As long as price squeezing provides an easy way for a big chaebol firm to guarantee its own price competitiveness, it has less incentive to push for innovation as well. Hyundai Motors’ ratio of consolidated sales to R&D spending is just 2.4 percent, while that of Volkswagen stands at over 5 percent in 2014. Hyundai
However, this price competitiveness no longer works. On one hand, price squeezing is reaching its limit in the low-end models of automobiles since new carmakers, especially from China, became viable in this segment of the market. As a consequence, Hyundai’s market share in China plummeted from 10.4 percent in 2014 to 5 percent in 2017.
On the other hand, the lethargic innovations of carmakers and parts producers put the Korean automobile industry in jeopardy in the wake of connected cars and electric vehicles.
An article published in Dong-A daily newspaper—on July 19, 2016, estimated the technological capacity of Korean firms when it comes to impact prediction, control technology, and autonomous safety technology fitted in today’s high-specification cars to be only about 70 percent of the level of that of German and Japanese firms. Their level in the eco-friendly sector, which includes electric vehicles, is only about 80 to 90 percent that of the US and Japan.
The devastating consequences of monopsony on innovation, and thus loss of consumer welfare, are not unique to Korea. As illustrated in Saving Capitalism from the Capitalists, a book written by Raghuram Rajan and Luigi Zingales, until the 1960s, three automakers—GM, Ford, and Chrysler—colluded to dominate the US automobile industry; hence, parts and components suppliers had exclusive contracts with them.
This monopsony prevented any meaningful technological innovation or cost-cutting. Inevitably, Japanese car imports to the US in the 1970s triggered a crisis among US domestic automobile producers.
Ironically, when Japanese carmakers started building factories in the US and buying parts and components from American subcontractors, the monopsony and the exclusive contracts were broken, and the increased competition and productivity between local suppliers of parts and components led to the revival of the US automakers.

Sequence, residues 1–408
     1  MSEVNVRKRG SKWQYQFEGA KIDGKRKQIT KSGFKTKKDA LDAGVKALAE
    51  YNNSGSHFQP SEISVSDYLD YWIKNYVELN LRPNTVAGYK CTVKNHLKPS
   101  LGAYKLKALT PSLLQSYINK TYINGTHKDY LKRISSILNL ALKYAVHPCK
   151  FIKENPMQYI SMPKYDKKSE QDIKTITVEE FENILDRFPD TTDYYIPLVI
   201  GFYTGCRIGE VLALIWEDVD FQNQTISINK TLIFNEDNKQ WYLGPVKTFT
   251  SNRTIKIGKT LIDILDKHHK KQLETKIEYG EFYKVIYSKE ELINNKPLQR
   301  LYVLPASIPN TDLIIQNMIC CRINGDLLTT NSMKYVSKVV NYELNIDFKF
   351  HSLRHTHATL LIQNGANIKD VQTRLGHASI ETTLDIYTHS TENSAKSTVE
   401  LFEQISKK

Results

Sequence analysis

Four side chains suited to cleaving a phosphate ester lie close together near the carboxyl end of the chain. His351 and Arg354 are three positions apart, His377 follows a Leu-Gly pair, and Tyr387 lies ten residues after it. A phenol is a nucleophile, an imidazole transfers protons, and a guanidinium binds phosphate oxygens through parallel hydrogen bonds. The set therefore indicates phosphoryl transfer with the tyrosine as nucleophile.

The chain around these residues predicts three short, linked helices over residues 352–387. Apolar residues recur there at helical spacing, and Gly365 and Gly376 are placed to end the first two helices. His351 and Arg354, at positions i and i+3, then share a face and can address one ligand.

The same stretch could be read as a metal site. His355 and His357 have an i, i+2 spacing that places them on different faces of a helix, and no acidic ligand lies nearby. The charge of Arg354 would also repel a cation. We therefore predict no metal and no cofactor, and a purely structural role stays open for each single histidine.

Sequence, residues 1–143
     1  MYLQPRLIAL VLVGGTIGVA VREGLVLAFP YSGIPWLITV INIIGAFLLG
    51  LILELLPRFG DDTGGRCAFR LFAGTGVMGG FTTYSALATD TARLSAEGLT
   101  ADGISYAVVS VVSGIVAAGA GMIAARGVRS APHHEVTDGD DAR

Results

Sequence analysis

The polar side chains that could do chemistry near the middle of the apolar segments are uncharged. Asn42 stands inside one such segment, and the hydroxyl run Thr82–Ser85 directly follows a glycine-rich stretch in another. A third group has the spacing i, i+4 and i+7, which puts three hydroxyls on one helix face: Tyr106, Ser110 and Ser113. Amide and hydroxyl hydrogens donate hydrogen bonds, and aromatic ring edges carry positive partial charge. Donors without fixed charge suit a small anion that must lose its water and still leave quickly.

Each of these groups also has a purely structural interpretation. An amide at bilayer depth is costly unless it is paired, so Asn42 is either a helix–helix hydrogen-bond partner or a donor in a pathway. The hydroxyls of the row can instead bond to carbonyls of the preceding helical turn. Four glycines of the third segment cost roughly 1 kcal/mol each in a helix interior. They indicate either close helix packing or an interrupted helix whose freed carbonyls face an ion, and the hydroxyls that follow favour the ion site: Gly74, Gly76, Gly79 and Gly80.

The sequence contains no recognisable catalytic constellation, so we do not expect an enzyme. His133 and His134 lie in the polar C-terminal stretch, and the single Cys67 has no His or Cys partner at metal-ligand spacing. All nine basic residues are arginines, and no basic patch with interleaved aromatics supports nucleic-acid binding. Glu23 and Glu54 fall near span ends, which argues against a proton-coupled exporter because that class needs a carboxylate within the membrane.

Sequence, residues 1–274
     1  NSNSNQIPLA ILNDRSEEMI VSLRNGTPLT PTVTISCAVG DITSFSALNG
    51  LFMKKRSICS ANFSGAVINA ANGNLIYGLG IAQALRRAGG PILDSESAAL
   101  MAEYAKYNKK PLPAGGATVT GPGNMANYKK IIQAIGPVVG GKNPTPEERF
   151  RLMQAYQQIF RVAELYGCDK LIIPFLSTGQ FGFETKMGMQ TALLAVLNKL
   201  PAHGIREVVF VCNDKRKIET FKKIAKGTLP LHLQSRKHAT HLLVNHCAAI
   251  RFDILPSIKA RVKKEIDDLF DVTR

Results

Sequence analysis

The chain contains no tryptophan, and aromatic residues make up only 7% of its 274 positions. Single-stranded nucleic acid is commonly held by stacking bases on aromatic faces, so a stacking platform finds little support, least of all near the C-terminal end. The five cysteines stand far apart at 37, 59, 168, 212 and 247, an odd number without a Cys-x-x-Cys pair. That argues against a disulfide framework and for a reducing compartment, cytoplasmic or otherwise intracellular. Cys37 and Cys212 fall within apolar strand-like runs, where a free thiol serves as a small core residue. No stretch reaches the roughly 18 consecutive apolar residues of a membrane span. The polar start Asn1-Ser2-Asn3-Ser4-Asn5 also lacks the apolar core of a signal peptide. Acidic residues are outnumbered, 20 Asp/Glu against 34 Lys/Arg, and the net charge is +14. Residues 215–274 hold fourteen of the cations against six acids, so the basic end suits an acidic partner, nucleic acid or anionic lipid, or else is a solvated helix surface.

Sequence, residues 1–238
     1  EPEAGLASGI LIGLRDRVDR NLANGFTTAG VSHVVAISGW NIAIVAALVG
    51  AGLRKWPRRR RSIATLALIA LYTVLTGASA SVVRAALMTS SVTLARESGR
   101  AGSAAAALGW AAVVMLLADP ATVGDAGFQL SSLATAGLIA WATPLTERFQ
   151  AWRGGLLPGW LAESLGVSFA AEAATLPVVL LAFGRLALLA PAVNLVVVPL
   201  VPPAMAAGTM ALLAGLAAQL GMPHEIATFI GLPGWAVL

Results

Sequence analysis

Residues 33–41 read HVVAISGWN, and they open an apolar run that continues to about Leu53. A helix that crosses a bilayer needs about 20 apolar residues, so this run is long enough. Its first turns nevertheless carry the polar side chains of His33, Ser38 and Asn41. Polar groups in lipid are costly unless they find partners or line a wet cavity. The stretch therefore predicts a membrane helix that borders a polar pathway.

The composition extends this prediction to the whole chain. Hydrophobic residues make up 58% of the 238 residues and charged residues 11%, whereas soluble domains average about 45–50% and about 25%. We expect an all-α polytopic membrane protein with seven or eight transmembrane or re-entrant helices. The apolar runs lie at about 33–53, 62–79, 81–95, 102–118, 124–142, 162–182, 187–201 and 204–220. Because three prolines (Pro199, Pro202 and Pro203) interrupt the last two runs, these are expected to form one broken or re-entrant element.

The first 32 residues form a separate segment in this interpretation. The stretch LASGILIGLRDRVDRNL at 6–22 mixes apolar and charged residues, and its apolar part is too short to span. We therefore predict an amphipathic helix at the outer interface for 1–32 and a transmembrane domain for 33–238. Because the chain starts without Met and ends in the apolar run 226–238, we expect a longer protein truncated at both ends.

In a society that experiences economy-wide concentration by a small number of big business groups, the monopsony and the exclusive supply chain are the fundamental reason for the widening wage gap between workers at SMEs and those at big chaebol firms. According to the Korea Small Business Institute, the wages at small-sized workplaces (with 10 to 99 employees) are 57.2 percent of those at large workplaces (with more than 500 employees), compared to 83.8 percent in Japan in 2017. This wage gap mirrors the price and profit squeezing by the large monopsonist on small subcontractors in Korea.
As shown by the Korean Metal Workers Union, in 2014, the monopsonist Hyundai Motors enjoyed operating profits of 8.5 percent. In contrast, operating profits were 5.8 percent at large primary subcontractors, 3.8 percent at primary medium-sized subcontractors, and 2.8 percent at small subcontractors in the second tier, respectively. The wage gap between SMEs and large firms is a key element of widening income inequality in Korea.
The Korean cases indicate that the harm caused by monopsony goes beyond the ill protection of the monopsonist’s own workers: it reduces not only subcontractors’ incentive for innovation but also its own, and thus harms consumers. Furthermore, it squeezes the profits and the wages of small subcontractors.
Without appropriate regulation on monopsony in place, these subcontractors and their workers will be left alone against the powerful monopsonist.
Sangin Park is a Professor of Economics, Graduate School of Public Administration, and Executive Director, Research Center for Market and Government at Seoul National University, South Korea.